Meanwhile, in my own life, previously impossible relationships improved, even with my mother, who had been a lifelong source of pain and confusion. I did this through a reversal of perspective and radical acceptance of who and what she was. Rather than seeing her as someone who wasn’t giving me what I needed, I started showing up for her in ways she needed even more. I was able to untie a marriage that wasn’t functioning by coming to my husband with kindness and gratitude for our time spent together and then continuing to work harmoniously (most days!) alongside him as a business partner.
Nothing was happening by chance—including my misery or my deep pain. All of it was divinely ordered by my higher self for my own soul’s growth.
As I expanded, La DoubleJ did, too. Even during Covid, when our orders were canceled across the globe, we wound up growing 20 percent. My empathic and clairsentient skills have helped me understand that I know pain as deeply as I know joy, and both can be of service to people. I could use my company as a vehicle to spread positivity but also to connect our community to teachers and techniques that they might not know about. And so, right smack in the middle of Covid, we opened our shop in Milan and turned the cave in the basement into a studio where we host channelers, yoga, and energy healings. I co-led a spiritual retreat in Egypt with the high priestess Dee Kennedy, where nearly all our fellow travelers were La DoubleJ customers. When we threw a two-day launch party with Net-a-Porter in Lake Como, I turned it into a mini-retreat with meditation circles and water-healing sessions with guide Jobi Manson.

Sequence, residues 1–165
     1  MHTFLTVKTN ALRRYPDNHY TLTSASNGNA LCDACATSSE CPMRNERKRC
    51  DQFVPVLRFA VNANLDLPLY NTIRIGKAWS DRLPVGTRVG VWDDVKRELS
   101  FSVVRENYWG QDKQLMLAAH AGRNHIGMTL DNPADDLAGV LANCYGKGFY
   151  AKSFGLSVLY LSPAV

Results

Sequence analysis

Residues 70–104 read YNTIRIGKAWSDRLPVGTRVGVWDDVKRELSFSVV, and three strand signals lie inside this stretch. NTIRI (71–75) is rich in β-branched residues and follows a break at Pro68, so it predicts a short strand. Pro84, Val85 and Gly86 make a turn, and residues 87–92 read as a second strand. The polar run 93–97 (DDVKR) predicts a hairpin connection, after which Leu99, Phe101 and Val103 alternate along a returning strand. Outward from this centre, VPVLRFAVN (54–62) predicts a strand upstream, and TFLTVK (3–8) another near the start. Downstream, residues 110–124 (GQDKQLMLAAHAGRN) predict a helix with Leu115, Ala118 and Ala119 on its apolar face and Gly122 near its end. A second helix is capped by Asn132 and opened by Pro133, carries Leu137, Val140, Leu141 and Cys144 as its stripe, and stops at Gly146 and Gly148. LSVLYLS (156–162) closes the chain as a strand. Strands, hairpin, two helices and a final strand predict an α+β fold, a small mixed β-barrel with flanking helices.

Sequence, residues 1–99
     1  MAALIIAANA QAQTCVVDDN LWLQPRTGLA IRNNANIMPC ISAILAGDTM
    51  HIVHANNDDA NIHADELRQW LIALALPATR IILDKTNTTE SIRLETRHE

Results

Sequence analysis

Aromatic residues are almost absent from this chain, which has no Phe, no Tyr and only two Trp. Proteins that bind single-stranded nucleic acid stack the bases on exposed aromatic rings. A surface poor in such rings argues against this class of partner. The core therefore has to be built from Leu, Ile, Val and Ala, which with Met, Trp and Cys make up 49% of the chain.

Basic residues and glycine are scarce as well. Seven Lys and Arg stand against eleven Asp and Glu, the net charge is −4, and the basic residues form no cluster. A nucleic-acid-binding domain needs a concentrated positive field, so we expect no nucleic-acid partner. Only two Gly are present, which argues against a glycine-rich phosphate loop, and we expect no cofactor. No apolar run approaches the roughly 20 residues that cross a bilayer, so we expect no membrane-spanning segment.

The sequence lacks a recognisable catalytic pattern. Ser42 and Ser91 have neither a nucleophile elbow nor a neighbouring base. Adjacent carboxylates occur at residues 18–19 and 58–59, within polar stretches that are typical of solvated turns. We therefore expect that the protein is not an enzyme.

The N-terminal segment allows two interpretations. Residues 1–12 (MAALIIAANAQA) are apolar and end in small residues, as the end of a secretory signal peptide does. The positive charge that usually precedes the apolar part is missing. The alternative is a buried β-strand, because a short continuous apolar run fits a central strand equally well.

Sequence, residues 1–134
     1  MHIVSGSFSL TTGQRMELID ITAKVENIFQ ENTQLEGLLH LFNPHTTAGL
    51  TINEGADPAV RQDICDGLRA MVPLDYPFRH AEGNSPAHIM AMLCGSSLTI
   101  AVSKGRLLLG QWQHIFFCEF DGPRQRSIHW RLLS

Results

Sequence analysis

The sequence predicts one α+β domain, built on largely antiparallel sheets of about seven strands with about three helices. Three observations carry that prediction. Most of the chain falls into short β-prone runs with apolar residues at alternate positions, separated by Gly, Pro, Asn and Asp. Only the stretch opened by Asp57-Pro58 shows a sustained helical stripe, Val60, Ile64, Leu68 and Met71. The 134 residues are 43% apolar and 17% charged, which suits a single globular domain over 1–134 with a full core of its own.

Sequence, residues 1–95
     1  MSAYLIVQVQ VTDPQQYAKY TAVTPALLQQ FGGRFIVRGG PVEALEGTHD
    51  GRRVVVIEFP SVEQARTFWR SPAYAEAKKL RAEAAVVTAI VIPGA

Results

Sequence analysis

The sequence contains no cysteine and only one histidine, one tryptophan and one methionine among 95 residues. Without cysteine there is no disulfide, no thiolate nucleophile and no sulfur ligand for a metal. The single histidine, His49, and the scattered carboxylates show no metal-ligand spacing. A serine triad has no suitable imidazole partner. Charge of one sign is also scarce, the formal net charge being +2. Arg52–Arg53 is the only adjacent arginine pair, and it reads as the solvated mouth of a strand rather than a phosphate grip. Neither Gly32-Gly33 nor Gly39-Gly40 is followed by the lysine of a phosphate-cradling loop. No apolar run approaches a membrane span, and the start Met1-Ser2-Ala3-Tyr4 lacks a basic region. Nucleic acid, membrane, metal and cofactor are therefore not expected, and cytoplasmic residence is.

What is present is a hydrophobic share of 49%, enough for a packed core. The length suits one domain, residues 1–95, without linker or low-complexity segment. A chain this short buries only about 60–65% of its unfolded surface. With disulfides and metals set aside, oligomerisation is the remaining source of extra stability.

So, a lot has cracked open from these energy eggs I fertilized. This past May, I invited my Australia-based spiritual teacher, Lelama Sjamar, to lead a sound healing in La DoubleJ’s Milan grotto. I’d been working one-on-one with Lelama for seven grueling months, diving alone with her into deep, three-hour shamanic healings that were pretty out-there on the woo-woo spiritual scale. I had gathered 30 very regular people in Milan and here we all were in our fashion and homeware shop, next door to Chanel and across the street from Bottega Veneta, sitting downstairs in a cave dripping in goddesses and paper bats, with Lelama’s voice channeling galactic sounds and indecipherable languages holding special energetic frequencies. No one was running off screaming that we are all loonies. Who would have thought that you could serve silk dresses and salad plates alongside a slice of the soulful Divine? I definitely did not. But as the great creator beings we all are, I’ve come to realize that when it comes to birthing, the galaxy’s the limit.
At the Sphinx in Giza, immediately following a spiritual initiation in April 2022.